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Hines Drive Ann Arbor Road Bridge

Hines Drive Ann Arbor Road Bridge

Primary Photographer(s): Nathan Holth

Bridge Documented: December 15, 2010

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Key Facts

Facility Carried / Feature Intersected
Hines Drive Over Ann Arbor Road (Old M-14)
Location
Livonia: Wayne County, Michigan: United States
Structure Type
Concrete Rigid-Frame, Fixed
Construction Date and Builder / Engineer
1948 By Builder/Contractor: J. H. Baker and Sons of Port Huron, Michigan

Technical Facts

Rehabilitation Date
Not Available or Not Applicable
Main Span Length
73 Feet (22 Meters)
Structure Length
73 Feet (22 Meters)
Roadway Width
48 Feet (14.63 Meters)
Spans
1 Main Span(s)
NBI Number
82182101000S010

Historic Significance Rating (HSR)
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Bridge Documentation

View Archived National Bridge Inventory Report - Has Additional Details and Evaluation

Hines Drive as well as some of the other roads and crossings in the various River Rouge parkways contain a number of old bridges of interest including concrete arch bridges. Nearly all of them have lost their original railings however. Specifically, a number of old rigid-frame bridges are along Hines Drive, but this is the only one that retains its original railings. This bridge also is among the earliest of the bridges built. The Historic Bridge Inventory thus highlighted this bridge among all the other old bridges on Hines Drive and as a result the bridge was listed in the National Register of Historic Places. The only noteworthy loss of historic integrity with this bridge is the fact that both plaques on the bridge have been stolen.

Rigid frame bridges are rare in Michigan. The state highway department only built a limited number of the bridge type. The conglomeration of county-designed rigid-frame bridges along Hines Drive are thus an anomaly among Michigan's collection of old and historic bridges.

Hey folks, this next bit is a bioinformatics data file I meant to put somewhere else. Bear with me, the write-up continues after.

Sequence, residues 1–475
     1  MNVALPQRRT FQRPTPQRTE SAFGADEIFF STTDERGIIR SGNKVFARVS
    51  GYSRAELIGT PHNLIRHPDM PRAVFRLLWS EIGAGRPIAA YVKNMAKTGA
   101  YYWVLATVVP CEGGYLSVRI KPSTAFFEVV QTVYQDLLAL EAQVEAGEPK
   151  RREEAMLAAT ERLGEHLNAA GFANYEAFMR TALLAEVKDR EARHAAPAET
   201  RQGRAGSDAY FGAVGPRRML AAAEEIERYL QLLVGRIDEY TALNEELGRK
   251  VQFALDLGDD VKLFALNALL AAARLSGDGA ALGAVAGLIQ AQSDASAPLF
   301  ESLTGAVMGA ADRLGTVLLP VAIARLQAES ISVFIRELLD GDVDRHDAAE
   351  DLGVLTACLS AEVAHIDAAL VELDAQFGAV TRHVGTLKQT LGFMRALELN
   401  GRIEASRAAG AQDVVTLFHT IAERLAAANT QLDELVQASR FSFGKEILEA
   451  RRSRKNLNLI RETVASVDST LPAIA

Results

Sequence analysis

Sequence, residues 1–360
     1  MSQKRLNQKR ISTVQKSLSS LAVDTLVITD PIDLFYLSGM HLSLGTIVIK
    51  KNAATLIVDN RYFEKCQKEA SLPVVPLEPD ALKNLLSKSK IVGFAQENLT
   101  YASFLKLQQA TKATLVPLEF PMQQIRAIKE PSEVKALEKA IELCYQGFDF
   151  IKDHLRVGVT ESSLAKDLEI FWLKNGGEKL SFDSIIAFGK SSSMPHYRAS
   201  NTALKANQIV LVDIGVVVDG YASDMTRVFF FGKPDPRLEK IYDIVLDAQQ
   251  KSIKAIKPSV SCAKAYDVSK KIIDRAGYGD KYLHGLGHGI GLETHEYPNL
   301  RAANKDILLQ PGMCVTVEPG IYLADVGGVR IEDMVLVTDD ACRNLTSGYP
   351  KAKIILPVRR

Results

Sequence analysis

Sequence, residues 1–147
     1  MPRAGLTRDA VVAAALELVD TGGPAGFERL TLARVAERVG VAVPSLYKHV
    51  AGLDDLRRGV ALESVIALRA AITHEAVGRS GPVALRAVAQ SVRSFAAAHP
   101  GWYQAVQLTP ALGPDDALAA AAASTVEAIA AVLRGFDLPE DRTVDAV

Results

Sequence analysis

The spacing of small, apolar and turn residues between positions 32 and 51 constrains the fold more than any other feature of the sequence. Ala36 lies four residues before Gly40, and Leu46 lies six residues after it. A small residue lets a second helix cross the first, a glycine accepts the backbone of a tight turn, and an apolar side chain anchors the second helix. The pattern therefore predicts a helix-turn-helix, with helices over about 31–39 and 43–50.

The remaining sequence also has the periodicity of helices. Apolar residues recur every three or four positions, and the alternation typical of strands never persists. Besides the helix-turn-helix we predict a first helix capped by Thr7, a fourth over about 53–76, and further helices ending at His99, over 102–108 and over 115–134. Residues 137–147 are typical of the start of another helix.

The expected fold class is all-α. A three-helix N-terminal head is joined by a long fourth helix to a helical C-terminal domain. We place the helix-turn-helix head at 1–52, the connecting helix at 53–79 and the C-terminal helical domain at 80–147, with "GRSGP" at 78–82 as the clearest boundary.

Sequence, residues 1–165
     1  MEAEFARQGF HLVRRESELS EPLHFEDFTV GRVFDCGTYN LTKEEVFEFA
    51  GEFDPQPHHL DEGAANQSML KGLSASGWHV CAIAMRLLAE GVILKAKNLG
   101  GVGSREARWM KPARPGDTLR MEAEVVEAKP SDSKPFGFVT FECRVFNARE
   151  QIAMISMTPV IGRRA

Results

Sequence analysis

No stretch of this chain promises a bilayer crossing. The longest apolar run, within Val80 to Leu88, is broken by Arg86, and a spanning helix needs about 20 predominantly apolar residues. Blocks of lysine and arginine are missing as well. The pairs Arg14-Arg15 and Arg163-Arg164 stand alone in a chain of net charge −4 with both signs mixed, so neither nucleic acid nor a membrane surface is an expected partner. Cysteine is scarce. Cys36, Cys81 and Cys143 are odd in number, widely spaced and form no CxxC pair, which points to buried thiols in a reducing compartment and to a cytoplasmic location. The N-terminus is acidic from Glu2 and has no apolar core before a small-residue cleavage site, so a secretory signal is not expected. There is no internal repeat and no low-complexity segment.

The bridge appears to be in decent condition, however spalling on the underside of the superstructure needs to be repaired before it has a chance to deteriorate further. There also is a small tree growing out of a seemingly small gap in the abutment at the northeast corner of the bridge. Cutting this tree out would be something that county maintenance workers could do and it would help ensure that the bridge is not damaged by the growth of the tree.

Because the retention of original railings on this bridge is one of the key elements that distinguish this bridge, any future rehabilitation work should ensure that the original railings are preserved and not removed and replaced. As they are today, they could stand a fresh coat of paint to protect the steel from deterioration.

Information and Findings From Michigan Historic Bridge Inventory

Edward N. Hines Drive follows a pleasantly wooded parkway along the Rouge River. Just before it reaches Plymouth, it crosses over Ann Arbor Road (Old M-14). The railings on the rigid-frame structure consist of three rows of horizontal metal channels on metal box posts, with solid concrete parapets on the ends over the abutments. Sidewalks are on each side of the roadway, which carries two lanes of traffic in each direction and wide shoulders. Modern metal guardrail has been added to pipe posts between the southwest sidewalk and the road; a cable runs along the top of this rail.